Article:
The MSD Prevention Series is a three-part kit developed by the Occupational Health and Safety Council of Ontario (of which the Institute for Work & Health was a member) to prevent musculoskeletal disorders (MSDs) in the workplace. MSDs refer to injuries or pain in the joints, ligaments, muscles, nerves, tendons and structures that support limbs, the neck and the back. MSDs are typically the leading type of work-related injury reported to workers’ compensation boards.
- Part 1, the MSD Prevention Guideline for Ontario, provides information and advice on a recommended generic framework for preventing musculoskeletal disorders in the workplace.
- Part 2, the Resource Manual for the MSD Prevention Guideline for Ontario, provides more detailed information and advice on how to implement the generic framework for preventing MSDs described in the guideline.
- Part 3, the MSD Prevention Toolbox, contains examples of worksheets, surveys and hazard identiﬁcation tools that the workplace parties can use to help them in their MSD risk assessment and prevention eﬀorts. The toolbox is available in three versions depending on the stage of the workplace in its MSD prevention efforts: Part 3A for those just getting started, Part 3B for those ready to move beyond the basics, and Part 3C for those who are looking for more in-depth risk assessment methods.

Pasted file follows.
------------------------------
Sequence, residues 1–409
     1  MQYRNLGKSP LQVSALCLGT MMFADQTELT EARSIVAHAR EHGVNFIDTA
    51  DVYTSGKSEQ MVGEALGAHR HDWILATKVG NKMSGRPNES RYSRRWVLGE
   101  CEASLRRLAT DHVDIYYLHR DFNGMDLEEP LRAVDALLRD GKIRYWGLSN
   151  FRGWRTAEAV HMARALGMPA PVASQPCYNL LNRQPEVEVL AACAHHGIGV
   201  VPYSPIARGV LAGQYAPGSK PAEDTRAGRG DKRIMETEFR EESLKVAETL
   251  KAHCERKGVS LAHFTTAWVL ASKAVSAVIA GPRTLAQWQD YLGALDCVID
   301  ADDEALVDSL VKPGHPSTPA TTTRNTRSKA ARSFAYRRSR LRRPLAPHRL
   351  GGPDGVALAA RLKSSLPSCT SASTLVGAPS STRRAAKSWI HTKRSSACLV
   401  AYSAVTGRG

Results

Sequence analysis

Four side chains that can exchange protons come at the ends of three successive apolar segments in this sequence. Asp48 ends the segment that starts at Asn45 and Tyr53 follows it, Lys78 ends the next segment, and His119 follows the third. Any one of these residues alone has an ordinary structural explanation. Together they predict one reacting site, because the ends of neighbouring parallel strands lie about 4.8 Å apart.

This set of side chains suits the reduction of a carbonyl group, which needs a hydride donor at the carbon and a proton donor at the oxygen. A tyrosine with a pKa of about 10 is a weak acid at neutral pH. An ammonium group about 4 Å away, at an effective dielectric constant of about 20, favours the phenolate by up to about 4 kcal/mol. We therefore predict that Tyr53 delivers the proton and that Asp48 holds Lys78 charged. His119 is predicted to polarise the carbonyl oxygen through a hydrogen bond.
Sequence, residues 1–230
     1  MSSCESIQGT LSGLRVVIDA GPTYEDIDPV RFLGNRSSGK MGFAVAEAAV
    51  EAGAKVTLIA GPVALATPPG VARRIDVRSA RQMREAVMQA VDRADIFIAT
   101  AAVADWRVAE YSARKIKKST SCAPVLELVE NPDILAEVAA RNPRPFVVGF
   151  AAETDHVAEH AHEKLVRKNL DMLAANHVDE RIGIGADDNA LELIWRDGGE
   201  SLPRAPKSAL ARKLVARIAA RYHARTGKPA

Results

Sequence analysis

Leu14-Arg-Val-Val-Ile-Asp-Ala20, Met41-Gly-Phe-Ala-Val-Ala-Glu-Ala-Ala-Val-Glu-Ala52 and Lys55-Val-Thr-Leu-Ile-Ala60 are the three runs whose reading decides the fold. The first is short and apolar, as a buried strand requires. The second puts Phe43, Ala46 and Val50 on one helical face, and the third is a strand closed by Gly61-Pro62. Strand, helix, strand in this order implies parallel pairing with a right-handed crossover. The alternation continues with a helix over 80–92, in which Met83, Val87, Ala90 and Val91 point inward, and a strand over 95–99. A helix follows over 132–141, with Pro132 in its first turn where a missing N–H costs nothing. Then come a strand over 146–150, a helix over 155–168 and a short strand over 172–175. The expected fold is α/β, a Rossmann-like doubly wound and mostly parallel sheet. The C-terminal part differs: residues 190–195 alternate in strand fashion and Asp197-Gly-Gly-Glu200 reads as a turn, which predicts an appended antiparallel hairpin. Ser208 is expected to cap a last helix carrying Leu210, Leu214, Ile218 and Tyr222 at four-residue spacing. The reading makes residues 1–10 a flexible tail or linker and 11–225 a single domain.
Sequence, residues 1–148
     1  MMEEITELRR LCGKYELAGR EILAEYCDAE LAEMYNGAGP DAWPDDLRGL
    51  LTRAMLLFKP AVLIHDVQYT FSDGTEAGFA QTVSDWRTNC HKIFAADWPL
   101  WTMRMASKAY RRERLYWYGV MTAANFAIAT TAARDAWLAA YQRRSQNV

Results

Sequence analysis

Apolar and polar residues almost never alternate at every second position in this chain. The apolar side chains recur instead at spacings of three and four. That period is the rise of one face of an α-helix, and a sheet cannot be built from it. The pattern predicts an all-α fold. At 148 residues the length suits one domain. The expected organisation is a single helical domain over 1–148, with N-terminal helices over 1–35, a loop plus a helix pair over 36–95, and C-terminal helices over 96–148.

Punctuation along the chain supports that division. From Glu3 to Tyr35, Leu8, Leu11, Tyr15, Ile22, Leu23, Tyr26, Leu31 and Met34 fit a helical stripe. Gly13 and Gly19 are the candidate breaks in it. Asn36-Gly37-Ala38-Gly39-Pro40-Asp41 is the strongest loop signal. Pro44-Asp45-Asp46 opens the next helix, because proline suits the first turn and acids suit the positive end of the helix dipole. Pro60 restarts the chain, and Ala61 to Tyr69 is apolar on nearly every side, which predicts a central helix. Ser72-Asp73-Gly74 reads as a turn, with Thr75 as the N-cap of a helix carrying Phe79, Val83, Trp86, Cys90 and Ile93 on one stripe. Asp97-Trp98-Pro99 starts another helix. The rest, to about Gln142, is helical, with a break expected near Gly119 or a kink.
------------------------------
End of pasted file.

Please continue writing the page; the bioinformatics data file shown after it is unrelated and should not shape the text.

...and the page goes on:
Who should use these resources
The MSD Prevention Series was developed for the workplace parties, including employers, managers, supervisors, workers, joint health and safety committee (JHSC) members, health and safety representatives (H&S reps) and workplace union representatives. Unions, employer associations, health and safety professionals, health and safety associations, ergonomists and others may also ﬁnd the information useful when helping workplaces.
For workplaces that already have an MSD prevention program, the MSD Prevention Series can help detect and address program shortcomings. For workplaces that do not have an existing MSD prevention program, it provides guidance on putting a program in place or integrating one into an existing health and safety program.